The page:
Parents unhappy over proposals to increase year-round schools in the Los Angeles Unified School District protested Wednesday as Supt. Leonard Britton arrived for a tour of Castlebay Lane Elementary School in Northridge.
Britton and other district officials were met at the school by about 30 parents carrying picket signs and chanting, "No year-round schools." Britton had been invited to Castlebay by parents who do not want the school year changed.
Castlebay is one of about 150 San Fernando Valley schools that may switch from a September-through-June schedule to a 12-month calendar, under which students take short vacations throughout the year. The Los Angeles Board of Education will take up the issue next week.
"The district wants to spread this cancer all over the Valley and all over the school system," said Grace McMillen, one of the parents walking the picket line. "We don't think it's fair to impose year-round on us."
Summer Heat Noted
Parents based their protest on summer temperatures that climb above 100 degrees making it difficult for students to study. Castlebay is air-conditioned, but parents said the cooling system is unreliable and breaks down often.
Parents also complained that lack of adequate day-care facilities in the neighborhood make it difficult to find activities and baby sitters for children on vacation at other times of the year.
Increasing the number of year-round schools is one method some district officials believe will create space in neighborhood schools that have reached capacity and stopped accepting more students.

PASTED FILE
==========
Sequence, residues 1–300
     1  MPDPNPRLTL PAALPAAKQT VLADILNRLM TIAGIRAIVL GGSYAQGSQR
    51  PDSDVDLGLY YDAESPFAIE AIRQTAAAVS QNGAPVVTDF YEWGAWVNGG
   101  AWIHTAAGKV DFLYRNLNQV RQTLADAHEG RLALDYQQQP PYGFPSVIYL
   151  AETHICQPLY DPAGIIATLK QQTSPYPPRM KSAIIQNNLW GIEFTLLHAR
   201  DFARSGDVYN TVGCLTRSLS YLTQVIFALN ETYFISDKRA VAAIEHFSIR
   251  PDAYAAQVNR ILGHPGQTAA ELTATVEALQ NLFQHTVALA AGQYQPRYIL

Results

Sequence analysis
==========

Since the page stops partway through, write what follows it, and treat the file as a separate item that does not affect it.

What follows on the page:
Valley parents say they are sympathetic to the district's crowding problems but believe there are other ways to solve the classroom shortage.
"Put more bungalows on our campus, bring more kids here," McMillen said. "Open the 23 schools that were closed. That's easier than turning the whole system topsy-turvy."
Nestled in the hills of Porter Ranch, Castlebay has 630 students. As in many other West Valley schools, those from crowded schools are bused to the campus.
This year about 75 youngsters from three East Valley schools are enrolled at Castlebay, and eight portable classrooms have been installed to meet the demand.
"We got more students, but we didn't get any new bathrooms, no new office personnel, and other support services haven't been increased," complained Barbara Foster, a former president of the Castlebay parents' organization.
Look at Alternatives
Throughout the morning tour, Britton listened, took notes and said little. When he became superintendent in July, Britton said he was against year-round schedules. He has said since that he is "60% convinced" that the system has merits.
However, Britton has not publicly said he favors 12-month schedules.
Allowing that it is difficult for people to understand why one school is changed and another isn't, Britton said: "We have to look at as many alternatives as possible--reopening closed schools, installing more portable classrooms. The sequence of events is important."
Julie Korenstein, who represents the West Valley on the Board of Education, also toured Castlebay. Last spring, during her campaign, Korenstein said she was against increasing year-round schools.
"I haven't changed my position," Korenstein said Wednesday. "I've only been on the board for three months, but I haven't seen anything to change my mind . . . ."